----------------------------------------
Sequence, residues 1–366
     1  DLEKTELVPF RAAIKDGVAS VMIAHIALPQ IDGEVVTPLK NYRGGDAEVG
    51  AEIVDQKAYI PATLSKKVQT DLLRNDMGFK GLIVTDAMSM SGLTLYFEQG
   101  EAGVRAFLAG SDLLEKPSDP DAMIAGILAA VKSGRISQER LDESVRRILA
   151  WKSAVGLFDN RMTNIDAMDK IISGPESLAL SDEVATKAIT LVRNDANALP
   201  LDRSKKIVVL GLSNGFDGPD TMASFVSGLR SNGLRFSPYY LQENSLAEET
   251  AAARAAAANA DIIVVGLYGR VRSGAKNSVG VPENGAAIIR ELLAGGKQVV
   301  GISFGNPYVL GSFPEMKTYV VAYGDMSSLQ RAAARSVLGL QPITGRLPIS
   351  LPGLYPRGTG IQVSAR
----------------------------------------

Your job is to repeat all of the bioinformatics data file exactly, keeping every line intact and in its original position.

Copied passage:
Sequence, residues 1–366
     1  DLEKTELVPF RAAIKDGVAS VMIAHIALPQ IDGEVVTPLK NYRGGDAEVG
    51  AEIVDQKAYI PATLSKKVQT DLLRNDMGFK GLIVTDAMSM SGLTLYFEQG
   101  EAGVRAFLAG SDLLEKPSDP DAMIAGILAA VKSGRISQER LDESVRRILA
   151  WKSAVGLFDN RMTNIDAMDK IISGPESLAL SDEVATKAIT LVRNDANALP
   201  LDRSKKIVVL GLSNGFDGPD TMASFVSGLR SNGLRFSPYY LQENSLAEET
   251  AAARAAAANA DIIVVGLYGR VRSGAKNSVG VPENGAAIIR ELLAGGKQVV
   301  GISFGNPYVL GSFPEMKTYV VAYGDMSSLQ RAAARSVLGL QPITGRLPIS
   351  LPGLYPRGTG IQVSAR